STORM Corrie last night hit Britain, bringing the second storm from 90 mph winds in 48 hours.
With damage from Cyclone Malik still clearing, the country has been battling winds of 90mph and the Met Office has issued a “danger to life” warning – with snow set to fall this week.
Forecasters say further gusts of wind today will likely disrupt travel, with flying debris raising concerns about power cuts.
Northern parts of the UK are forecast to be hardest hit.
Corrie arrived just over 24 hours after Cyclone Malik – the storm, which clocked at 147mph, brought death and devastation.
Two people died when a tree fell on them, while the others miraculously escaped death.
A nine-year-old boy was killed by a falling tree at Heath House, in Tean, Staffs, around 1pm on Saturday. A 72-year-old man was also injured and was still being treated at the hospital last night.
They are believed to be part of a pheasant shooting party on the 400-acre property but are not believed to be related.
A worker on the property, who did not want to be named, said: “It was just a tragic accident when a tree fell in a strong wind and hit the boy and the man.”
Police have confirmed the tragic death, with a Staffordshire Police spokesman saying in a statement: “Police received reports at 1pm this afternoon that a tree had fallen on a boy and a man, in an area near Hollington Road, Winnothdale, near Tean.
“The man and the boy were taken to Royal Stoke University Hospital.
“Sadly, despite the best efforts of the medical staff, a nine-year-old boy has passed away.
“The boy’s family is being supported by specially trained officers. The man is still at the hospital.
“There is a scene left at the site where people are told to avoid the area.
“The death is not being treated as suspicious and a file will be prepared for the coroner.”
A 60-year-old woman was also killed by a fallen tree in Aberdeen.
Both of Sky Sports reporter Keith Downie’s cars – one, a £42,000 BMW – were destroyed when a more than 100-year-old oak tree was blown away outside his home in Newcastle.
The 39-year-old presenter said: “I heard this loud noise. I can see both cars have been destroyed. “
A woman was cut from her car when a tree fell on it in Altrincham, Gtr Manchester.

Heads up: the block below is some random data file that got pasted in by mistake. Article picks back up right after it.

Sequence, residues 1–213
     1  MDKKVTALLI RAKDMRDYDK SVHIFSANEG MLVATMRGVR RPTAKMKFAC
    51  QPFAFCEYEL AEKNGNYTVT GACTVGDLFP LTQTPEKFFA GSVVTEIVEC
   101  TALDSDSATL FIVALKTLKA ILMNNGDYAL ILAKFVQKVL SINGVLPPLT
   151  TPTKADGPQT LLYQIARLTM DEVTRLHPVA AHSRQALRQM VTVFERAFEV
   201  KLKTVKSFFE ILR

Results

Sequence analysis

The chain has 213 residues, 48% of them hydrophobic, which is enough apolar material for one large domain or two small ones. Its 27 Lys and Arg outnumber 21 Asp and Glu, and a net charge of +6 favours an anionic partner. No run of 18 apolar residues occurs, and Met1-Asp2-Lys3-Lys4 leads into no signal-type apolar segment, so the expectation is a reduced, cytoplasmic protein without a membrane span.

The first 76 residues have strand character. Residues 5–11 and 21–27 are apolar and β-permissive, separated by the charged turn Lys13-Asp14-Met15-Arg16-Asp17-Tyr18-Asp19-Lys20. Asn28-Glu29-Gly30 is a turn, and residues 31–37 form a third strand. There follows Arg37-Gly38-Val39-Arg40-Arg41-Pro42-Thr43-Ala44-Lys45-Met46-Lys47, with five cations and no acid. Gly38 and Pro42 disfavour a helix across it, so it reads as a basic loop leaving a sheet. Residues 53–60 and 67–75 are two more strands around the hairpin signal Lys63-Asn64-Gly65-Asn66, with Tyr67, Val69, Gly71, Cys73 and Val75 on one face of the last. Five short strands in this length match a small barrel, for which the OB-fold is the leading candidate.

And another driver in the VW was lucky to escape death in Huddersfield.
A major outage was declared in County Durham on Saturday due to fallen trees and power lines. Northern Powergrid said 80,000 people were affected.
In Gateshead, Tyne and Wear, a roof was ripped from a terraced house. Church of St.
The Met Office names the storms alphabetically and invites suggestions from the public. But Denmark has named it Storm Malik as it is expected to be hardest hit there.
Meanwhile in South Shields, strong winds knocked a wall down on the father-of-two’s £25,000 Range Rover – with debris leaving him missing for seconds.
A spokesman for Police Scotland said: “Emergency services were called to Deveron Road in Aberdeen at around 10.30am on Saturday 29 January to reports of the sudden death of a 60-year-old woman.”
It is believed that the tragedy happened when a tree was blown over in strong winds.
An amber warning covers large swaths of eastern Scotland, with the Met Office warning of “possible injury and danger to life.”
A yellow warning replaced amber on Saturday- with the warnings set to remain in place through Monday.
Restaurant owner Russel Choudary, 40, had just parked his car when a strong gust of wind slammed into his white Range Rover, completely crushing the roof.
WET AND WINDY FEBRUARY
I said Online email: “If I had moved it a minute earlier, I would have been killed.
“I was just getting to the front door when the bricks fell. I could have been in that car. He wouldn’t think about it.
“There’s no way I could have survived. I feel very lucky to be alive.”
The father only had his car for two years.
Sunday’s yellow alert is set to continue into the new week.
Meanwhile, more than 36,000 households are now without electricity in Northumberland and County Durham following severe weather, according to Northern Powergrid.
And it looks like February is shaping up to be a tumultuous month with the elements, as the mix of wet and windy weather with snow causes chaos.
Met forecaster James Madden said cold and snow would approach from the north throughout the start of the month, with downpours likely to reach the capital.
Long-range projections suggest snow could fall in northern areas if freezing temperatures continue.
According to the forecast, the risk of snow could last until at least February 11, after many parts of the country were hit by rain and white things.
John Hammond, chief meteorologist of Weather Trends “There are signs of a more vibrant start to February – it looks wetter and windier than it was months ago,” said.
“We could see colder weather start to seep in more clearly from the north through the early days of the new month, turning some of that rain into snow.”
https://www.thesun.co.uk/news/17486050/storm-corrie-britain-hurricane-force-winds-snow/ Cyclone Corrie hits UK TODAY with 90mph winds and snow to come next week